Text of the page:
Background: Chest-tube drainage and prolonged air leak after anatomic lung resection (ALR) continue to drive admission days for most programs employing minimal access techniques. The aim of the study was to evaluate the impact of a novel postoperative recovery protocol with revised chest tube management strategies to target discharge on post-operative day 1 (POD1) after ALR. Methods: This is a pilot study investigating a novel enhanced recovery protocol which either allowed chest tube removal on POD1 or ambulatory management with indwelling chest tube using a portable closed drainage system. We included all patients undergoing video-assisted thoracoscopic surgery (VATS)-ALR; exclusion criteria were open surgery, non-anatomic or extended resections. Results: A total of 139 patients were included in the study [N=29 portable drainage (PD), N=110 standard pathway (SP)]. POD1 discharge rate was 72% in PD vs. 15% in SP cohort (P<0.001). Median length of stay (LOS) was 1 day [interquartile range (IQR), 1-2 days] in PD cohort, while it was 3 days (IQR, 2-5 days) in SP cohort (P<0.001). There were no significant differences in length of indwelling chest-tube, rate of discharge with chest-tube, post-operative complications, or readmissions. On multivariate analysis, PD pathway as well as short surgical time were significant predictors of discharge on POD1. Conclusions: Our results indicate that POD1 discharge rates of 72% after VATS-ALR can be safely achieved by a well-developed perioperative care pathway and simple chest tube drainage interventions. Based on these findings we are currently drafting a follow-up study to investigate the possibility of performing ALRs as day surgery.

Implication of a novel postoperative recovery protocol to increase day 1 discharge rate after anatomic lung resection / Schmid, S.; Kaafarani, M.; Baldini, G.; Amir, A.; Costescu, F.; Shafiepour, D.; Cools-Lartigue, J.; Najmeh, S.; Sirois, C.; Ferri, L.; Mulder, D.; Spicer, J.. - In: JOURNAL OF THORACIC DISEASE. - ISSN 2072-1439. - STAMPA. - 13:(2021), pp. 6399-6408. [10.21037/jtd-21-965]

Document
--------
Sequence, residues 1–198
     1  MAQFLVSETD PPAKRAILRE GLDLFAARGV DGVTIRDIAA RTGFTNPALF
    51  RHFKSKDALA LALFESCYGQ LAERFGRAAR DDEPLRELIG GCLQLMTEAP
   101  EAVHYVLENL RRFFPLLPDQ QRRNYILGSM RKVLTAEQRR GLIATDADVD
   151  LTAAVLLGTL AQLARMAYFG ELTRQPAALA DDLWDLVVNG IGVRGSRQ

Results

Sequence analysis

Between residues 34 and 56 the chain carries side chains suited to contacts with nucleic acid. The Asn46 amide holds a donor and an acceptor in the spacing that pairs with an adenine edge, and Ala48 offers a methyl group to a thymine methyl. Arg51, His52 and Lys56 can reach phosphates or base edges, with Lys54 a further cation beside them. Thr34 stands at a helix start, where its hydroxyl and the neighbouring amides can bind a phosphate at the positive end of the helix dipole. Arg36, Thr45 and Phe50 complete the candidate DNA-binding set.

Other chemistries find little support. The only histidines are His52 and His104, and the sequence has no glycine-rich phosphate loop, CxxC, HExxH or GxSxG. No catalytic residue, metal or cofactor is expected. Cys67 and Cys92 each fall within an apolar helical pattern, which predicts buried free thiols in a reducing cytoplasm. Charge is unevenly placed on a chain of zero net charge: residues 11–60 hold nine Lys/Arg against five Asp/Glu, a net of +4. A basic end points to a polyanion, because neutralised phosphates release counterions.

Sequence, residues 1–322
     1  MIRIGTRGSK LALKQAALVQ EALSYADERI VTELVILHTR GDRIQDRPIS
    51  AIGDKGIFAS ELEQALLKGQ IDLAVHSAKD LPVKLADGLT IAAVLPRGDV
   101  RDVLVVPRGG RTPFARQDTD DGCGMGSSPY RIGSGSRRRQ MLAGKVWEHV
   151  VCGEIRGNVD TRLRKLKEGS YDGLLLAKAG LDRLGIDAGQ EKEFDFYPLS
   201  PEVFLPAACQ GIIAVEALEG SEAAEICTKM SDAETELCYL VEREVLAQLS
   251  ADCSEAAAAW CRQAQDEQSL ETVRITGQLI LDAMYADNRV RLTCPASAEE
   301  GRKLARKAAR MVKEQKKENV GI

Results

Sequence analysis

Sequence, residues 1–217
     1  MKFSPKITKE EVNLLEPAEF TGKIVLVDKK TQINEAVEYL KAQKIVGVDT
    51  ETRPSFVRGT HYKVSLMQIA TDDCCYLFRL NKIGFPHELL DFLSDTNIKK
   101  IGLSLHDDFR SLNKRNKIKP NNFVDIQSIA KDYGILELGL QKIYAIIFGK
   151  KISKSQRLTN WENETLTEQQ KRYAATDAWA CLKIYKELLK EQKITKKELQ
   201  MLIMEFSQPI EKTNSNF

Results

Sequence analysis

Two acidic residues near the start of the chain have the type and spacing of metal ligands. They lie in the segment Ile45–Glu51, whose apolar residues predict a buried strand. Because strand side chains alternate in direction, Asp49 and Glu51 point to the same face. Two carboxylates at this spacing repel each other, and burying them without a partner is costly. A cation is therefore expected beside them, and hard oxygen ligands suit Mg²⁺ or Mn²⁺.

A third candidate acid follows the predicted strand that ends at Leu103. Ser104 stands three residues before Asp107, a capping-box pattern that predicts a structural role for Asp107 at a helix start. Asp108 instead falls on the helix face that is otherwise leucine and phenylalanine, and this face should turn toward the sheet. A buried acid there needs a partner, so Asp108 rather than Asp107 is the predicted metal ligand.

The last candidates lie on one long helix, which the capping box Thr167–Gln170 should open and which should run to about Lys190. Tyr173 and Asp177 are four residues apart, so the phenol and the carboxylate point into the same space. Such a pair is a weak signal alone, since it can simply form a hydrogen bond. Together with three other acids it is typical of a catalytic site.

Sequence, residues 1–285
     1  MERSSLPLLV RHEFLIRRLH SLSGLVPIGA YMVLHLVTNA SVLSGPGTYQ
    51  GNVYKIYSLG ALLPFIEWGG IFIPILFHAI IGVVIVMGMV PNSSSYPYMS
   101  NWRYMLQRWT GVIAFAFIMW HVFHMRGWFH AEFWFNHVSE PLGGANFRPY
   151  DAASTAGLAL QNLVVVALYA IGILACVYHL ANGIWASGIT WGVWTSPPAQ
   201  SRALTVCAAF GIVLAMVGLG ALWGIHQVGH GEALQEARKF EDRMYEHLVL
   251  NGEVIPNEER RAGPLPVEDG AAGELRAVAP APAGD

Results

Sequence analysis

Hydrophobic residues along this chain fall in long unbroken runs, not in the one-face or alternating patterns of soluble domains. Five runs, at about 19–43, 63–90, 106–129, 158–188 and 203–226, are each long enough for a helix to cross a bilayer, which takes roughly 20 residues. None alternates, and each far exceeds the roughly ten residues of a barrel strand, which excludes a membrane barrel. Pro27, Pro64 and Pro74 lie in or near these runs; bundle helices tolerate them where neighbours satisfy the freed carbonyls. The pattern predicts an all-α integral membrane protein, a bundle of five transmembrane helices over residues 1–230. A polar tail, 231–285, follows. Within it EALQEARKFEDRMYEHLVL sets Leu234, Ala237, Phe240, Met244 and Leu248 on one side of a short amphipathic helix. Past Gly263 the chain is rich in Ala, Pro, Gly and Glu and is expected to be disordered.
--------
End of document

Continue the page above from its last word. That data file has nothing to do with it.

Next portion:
Implication of a novel postoperative recovery protocol to increase day 1 discharge rate after anatomic lung resection

Baldini, G.;Ferri, L.;
2021

Abstract

Background: Chest-tube drainage and prolonged air leak after anatomic lung resection (ALR) continue to drive admission days for most programs employing minimal access techniques. The aim of the study was to evaluate the impact of a novel postoperative recovery protocol with revised chest tube management strategies to target discharge on post-operative day 1 (POD1) after ALR. Methods: This is a pilot study investigating a novel enhanced recovery protocol which either allowed chest tube removal on POD1 or ambulatory management with indwelling chest tube using a portable closed drainage system. We included all patients undergoing video-assisted thoracoscopic surgery (VATS)-ALR; exclusion criteria were open surgery, non-anatomic or extended resections. Results: A total of 139 patients were included in the study [N=29 portable drainage (PD), N=110 standard pathway (SP)]. POD1 discharge rate was 72% in PD vs. 15% in SP cohort (P<0.001). Median length of stay (LOS) was 1 day [interquartile range (IQR), 1-2 days] in PD cohort, while it was 3 days (IQR, 2-5 days) in SP cohort (P<0.001). There were no significant differences in length of indwelling chest-tube, rate of discharge with chest-tube, post-operative complications, or readmissions. On multivariate analysis, PD pathway as well as short surgical time were significant predictors of discharge on POD1. Conclusions: Our results indicate that POD1 discharge rates of 72% after VATS-ALR can be safely achieved by a well-developed perioperative care pathway and simple chest tube drainage interventions. Based on these findings we are currently drafting a follow-up study to investigate the possibility of performing ALRs as day surgery.
13
6399
6408
Goal 3: Good health and well-being
Schmid, S.; Kaafarani, M.; Baldini, G.; Amir, A.; Costescu, F.; Shafiepour, D.; Cools-Lartigue, J.; Najmeh, S.; Sirois, C.; Ferri, L.; Mulder, D.; Spicer, J.
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Utilizza questo identificativo per citare o creare un link a questo documento: https://hdl.handle.net/2158/1288927
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